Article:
Simply put, DataFlow Resume allows you to carry many module output values from one run to the next; when you click the ‘Resume’ button in the designer, the execution engine will detect changes to your DataFlow since the previous run and conditionally determine which modules need to be re-executed based on the following criteria:

  • Modules whose inputs (connections or values) have been changed since the last run.
  • Modules with errors in the previous run.
  • Modules that have the ‘Force Execution’ option set.
  • Modules whose outputs cannot be cached (certain File executors and Property loaders)
  • Modules that are downstream of any of the above modules.

All other modules will skip execution and reuse their results from the previous run. For iterating modules (i.e. loops, streams) that can execute multiple times in a run, Resume will start from the most recent iteration, so resuming from a mid-loop failure will behave as expected.

‘Force Execution’ is another new module-level option (like Pin Results and Disable/Enable) that tells the execution engine to always execute this module, regardless of whether it has results from a previous run it can draw from. In a sense, Pin Results and Force Execution are opposites; a Pinned module will never execute and always use past results, and a Forced module will always execute and never use past results. For reference, here’s a table of the current module options and their behavior.

DefaultDisabledPinnedForce Execution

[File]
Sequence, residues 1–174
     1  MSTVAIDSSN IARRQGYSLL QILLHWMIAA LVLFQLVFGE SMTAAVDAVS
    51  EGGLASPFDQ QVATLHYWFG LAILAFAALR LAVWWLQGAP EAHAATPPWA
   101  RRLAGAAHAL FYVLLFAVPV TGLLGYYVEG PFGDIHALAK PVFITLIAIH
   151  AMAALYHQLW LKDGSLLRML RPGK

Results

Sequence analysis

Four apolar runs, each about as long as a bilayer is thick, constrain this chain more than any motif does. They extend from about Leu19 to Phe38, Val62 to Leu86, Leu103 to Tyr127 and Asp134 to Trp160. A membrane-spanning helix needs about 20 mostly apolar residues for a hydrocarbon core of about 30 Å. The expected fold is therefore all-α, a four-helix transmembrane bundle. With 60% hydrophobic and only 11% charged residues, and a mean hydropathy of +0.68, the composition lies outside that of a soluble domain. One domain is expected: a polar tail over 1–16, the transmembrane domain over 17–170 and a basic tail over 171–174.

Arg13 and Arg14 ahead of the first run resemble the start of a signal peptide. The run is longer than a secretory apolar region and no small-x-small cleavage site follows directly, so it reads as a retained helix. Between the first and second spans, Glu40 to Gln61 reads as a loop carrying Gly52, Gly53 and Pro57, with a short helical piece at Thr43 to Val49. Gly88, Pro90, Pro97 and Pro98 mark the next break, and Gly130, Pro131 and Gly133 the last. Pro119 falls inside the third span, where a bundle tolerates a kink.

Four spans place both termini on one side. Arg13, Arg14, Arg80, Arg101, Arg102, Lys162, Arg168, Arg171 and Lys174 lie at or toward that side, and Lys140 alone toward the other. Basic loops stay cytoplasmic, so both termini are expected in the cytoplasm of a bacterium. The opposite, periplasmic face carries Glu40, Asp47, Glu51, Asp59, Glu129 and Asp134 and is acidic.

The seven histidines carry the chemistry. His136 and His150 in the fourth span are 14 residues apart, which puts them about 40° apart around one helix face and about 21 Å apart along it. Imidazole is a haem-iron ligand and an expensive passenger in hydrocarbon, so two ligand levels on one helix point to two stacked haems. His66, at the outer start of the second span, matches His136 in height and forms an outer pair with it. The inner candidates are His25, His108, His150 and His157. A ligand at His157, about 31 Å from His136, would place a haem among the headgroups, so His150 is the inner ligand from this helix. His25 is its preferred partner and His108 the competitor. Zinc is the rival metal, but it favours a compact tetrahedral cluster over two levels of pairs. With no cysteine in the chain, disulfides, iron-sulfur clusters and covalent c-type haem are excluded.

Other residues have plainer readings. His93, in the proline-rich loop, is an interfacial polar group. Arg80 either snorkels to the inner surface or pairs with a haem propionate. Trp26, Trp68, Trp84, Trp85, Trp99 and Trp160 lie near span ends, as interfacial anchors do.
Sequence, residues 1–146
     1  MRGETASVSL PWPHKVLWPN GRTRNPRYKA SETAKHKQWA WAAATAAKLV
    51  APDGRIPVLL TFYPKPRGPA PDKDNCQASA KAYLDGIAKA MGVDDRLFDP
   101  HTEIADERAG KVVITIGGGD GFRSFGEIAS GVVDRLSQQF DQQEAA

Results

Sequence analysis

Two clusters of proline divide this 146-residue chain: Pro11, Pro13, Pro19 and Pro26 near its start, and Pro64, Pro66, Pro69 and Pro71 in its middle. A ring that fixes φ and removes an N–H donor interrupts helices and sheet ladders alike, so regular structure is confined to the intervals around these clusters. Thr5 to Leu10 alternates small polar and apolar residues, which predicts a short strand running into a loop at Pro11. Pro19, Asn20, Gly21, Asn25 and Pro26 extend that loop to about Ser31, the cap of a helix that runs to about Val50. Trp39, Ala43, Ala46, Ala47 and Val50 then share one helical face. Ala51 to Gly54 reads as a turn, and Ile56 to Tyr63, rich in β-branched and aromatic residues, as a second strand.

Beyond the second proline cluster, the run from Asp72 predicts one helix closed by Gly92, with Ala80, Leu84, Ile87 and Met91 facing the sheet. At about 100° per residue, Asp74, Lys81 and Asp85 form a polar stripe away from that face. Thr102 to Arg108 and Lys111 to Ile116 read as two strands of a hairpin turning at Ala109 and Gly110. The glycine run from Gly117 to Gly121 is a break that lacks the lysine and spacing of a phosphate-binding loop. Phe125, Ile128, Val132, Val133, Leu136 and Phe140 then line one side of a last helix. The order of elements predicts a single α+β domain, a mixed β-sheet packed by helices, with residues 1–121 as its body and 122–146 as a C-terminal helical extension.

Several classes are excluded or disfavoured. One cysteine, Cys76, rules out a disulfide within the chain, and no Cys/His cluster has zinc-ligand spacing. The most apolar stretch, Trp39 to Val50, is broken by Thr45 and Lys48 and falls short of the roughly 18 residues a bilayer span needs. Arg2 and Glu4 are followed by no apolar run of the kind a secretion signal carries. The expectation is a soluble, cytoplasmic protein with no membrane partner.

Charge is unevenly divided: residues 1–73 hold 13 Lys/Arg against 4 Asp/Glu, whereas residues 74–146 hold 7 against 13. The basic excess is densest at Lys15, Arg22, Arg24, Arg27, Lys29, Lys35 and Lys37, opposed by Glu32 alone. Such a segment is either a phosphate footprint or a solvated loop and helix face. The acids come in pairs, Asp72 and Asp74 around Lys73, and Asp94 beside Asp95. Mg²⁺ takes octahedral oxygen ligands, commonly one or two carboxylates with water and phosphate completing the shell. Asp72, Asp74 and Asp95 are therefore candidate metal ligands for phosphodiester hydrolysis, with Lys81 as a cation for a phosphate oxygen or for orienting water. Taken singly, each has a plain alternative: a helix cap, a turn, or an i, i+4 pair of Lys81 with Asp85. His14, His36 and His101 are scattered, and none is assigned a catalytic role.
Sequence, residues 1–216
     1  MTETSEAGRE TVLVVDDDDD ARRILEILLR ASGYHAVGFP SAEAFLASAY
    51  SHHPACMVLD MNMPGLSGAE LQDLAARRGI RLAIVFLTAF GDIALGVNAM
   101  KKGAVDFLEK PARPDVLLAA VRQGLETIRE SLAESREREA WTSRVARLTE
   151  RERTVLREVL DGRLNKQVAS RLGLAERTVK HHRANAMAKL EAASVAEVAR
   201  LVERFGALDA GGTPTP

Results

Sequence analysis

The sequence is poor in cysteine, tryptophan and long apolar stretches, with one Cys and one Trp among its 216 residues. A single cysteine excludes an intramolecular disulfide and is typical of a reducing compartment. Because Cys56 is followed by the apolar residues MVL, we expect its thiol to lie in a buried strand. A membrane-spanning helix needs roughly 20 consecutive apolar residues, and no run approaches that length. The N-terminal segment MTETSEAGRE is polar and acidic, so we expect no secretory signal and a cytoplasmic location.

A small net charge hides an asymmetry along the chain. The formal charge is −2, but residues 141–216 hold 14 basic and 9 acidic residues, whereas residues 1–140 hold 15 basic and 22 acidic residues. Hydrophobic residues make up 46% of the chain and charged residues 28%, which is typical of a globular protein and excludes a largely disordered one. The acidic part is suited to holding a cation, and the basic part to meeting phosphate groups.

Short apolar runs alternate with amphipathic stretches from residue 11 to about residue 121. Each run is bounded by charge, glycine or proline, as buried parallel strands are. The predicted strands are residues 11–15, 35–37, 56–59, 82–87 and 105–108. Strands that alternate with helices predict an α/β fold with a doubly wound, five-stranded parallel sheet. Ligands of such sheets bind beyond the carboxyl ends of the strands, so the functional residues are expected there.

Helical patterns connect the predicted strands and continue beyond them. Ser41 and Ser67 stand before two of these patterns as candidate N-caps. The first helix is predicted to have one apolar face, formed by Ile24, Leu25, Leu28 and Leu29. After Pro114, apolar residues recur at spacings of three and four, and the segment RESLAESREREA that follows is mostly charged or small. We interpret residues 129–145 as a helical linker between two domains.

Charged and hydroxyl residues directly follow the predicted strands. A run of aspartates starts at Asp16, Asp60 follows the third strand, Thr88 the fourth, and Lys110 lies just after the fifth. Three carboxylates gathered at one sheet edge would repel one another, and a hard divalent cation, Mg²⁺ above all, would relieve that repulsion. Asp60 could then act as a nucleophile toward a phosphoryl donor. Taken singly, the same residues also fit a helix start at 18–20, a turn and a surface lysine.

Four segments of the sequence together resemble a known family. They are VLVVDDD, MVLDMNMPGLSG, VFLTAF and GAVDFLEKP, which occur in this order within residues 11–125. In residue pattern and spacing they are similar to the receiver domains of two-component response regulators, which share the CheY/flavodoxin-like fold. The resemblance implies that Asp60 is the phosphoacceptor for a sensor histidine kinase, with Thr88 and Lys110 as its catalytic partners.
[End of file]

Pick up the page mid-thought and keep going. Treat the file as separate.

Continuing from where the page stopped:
Standard RunExecutes
Sets Results
Does Not Execute
No Results
Does Not Execute
Reuses Results
Sets Results
Resumed RunExecutes If Changed
Set/Reuse Results
Does Not Execute
No Results
Does Not Execute
Reuses Results
Sets Results

Here are a few scenarios where Resume can be useful:

  • An activated DataFlow encountered an intermittent error (i.e. an external service it depends on was down), and you want to ‘rescue’ the failed run from the point where the error happened.
  • You’re developing a large/complex DataFlow, and want to see the results of your changes without having to re-execute the entire DataFlow every time.

The caveats that applied to Pinned Results also apply to DataFlow Resume; when an unchanged module reuses its prior results, it will not execute and out-of-dataflow side effects like SQL writes will not occur. Additionally, take care when modifying logic after a failure within a loop or stream that collects its results in an Accumulator module; if your correction changes the content or format of data that would be collected in the Accumulator, after resuming the accumulator may contain a mixture of both data profiles (those cached from the prior run, and those generated after resume). To avoid this, you can set Force Execution on the parent loop/stream module; this will force it to re-execute from scratch, thus re-populating the downstream accumulator with only output data generated by the current logic.

There you have it! Module Pinning and DataFlow Resume are both powerful additions to the Composable DataFlow development toolkit, and I hope this post helped explain how they can be used effectively. As always, if you have any questions, feel free to reach out on the Composable Support Forums.